The modern Fukuoka [福岡] is a rather big city comprised of two towns – Fukuoka and Hakata. My hotel was in the Hakata area (close to Hakata station), so I could start with visiting some of the sights around there. Right down the street there was Hakata Sennen no Mon [博多千年門], which is a rather modern gate that signals the entrance to the historical site of Fukuoka.
Afterwards I snooped the back gardens of Jouten-ji [承天寺], to whose main building I would come back later (weird mapping sent me the wrong way).
I snooped around Waka Hachimangu [若八幡宮], which was not even open as this was about 8.30 in the morning, I had some coffee and I continued on my way.
My next stop was Tōchō-ji [東長寺] a Buddhist Temple with a rather short-tempered monk in charge of writing shuuin, and a huge Buddha statue made of wood around whose you can descend to ‘hell’, a corridor which first explains the different hells in Buddhist religion and then plunges into complete darkness (no pictures allowed though).
Next I was in Ryugu-ji [龍宮寺], a small temple next to Tōchō-ji.
Right on the other side of the street I walked over to Kushida Jinja [櫛田神社], dedicated to Amaterasu and Susanoo, the first gods in Shinto.
After that I walked into Gokushomachi [御供所町], an area where two or three major Buddhist Temples are located. The most important out of these (and the only one open for inspection) was Shofuku-ji [聖福寺], which is the first known Zen Buddhist temple in Japan.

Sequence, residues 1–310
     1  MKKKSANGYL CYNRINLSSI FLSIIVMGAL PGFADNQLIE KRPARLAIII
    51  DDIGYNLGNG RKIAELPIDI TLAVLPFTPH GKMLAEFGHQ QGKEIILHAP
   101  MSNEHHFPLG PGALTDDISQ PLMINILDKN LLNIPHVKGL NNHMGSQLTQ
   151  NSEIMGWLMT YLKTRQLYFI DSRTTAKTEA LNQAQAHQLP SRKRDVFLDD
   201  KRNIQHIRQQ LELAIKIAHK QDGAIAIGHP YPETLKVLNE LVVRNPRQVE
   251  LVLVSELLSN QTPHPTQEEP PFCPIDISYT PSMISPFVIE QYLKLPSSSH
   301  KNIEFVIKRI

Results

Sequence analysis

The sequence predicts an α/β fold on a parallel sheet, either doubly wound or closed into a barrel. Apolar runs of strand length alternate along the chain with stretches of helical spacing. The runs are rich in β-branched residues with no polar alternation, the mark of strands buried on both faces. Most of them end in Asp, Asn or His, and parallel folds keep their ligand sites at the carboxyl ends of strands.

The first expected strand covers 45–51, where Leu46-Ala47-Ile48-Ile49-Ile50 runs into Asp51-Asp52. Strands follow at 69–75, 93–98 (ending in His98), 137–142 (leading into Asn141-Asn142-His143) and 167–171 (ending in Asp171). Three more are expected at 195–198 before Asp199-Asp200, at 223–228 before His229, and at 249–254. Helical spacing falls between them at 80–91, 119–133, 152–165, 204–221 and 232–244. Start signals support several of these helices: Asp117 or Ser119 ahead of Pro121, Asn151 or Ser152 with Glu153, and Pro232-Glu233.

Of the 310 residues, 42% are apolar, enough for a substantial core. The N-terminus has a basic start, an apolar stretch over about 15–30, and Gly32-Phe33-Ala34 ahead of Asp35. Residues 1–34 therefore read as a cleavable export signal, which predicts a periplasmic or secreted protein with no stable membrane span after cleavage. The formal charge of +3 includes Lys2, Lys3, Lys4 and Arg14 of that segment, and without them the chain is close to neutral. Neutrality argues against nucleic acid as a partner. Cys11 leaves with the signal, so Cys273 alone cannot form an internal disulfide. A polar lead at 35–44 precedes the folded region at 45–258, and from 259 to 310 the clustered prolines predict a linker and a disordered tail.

Afterwards I took
a stop at a conbini for some lunch a subway ride to check on the former site of Fukuoka castle Fukuoka-jo [福岡城], and the only two remaining items: the Otemon (main gate) [大手門] of the castle and Shiomi Tower [潮見櫓] and backtracked to the train.
My next stop was Suikyo Tenmangu [水鏡天満宮], in the dead centre of Fukuoka, following the Fukuoka Navi recommendation.
Afterwards, I walked a little and ended up at Kego Jinja [警固神社], a shrine which holds a ‘laughing’ kitsune statue in the grounds. It is the closest thing to a castle shrine that Fukuoka has.
My last stop in Fukuoka was Sumiyoshi Taisha [住吉神] which was colonised by VAMPS fans as it seems that HYDE favours it (the Osaka one, at least, but… don’t ask me).
On my way back I had some ice cream because hot and hungry.
Finally I took the 15:15 Kamome train to my next destination, Nagasaki [長崎]. This dragon greeted me at the station.
After checking in, I tried to go to the Peace Park, but Google sent me to a random parking lot called “Peace Park” so I decided to go to the Inasayama [稲佐山] Observatory to watch the “one million dollar view”. Fortunately or unfortunately there was a storm brewing – it broke down as I was heading towards the Nagasaki Ropeway [長崎ロープウェイ], then it calmed down, only to start up again once I was almost at the top of the mountain. So normal people watch the Nagasaki skyline, I… guessed the Nagasaki skyline through a storm cloud, because I am cool like that.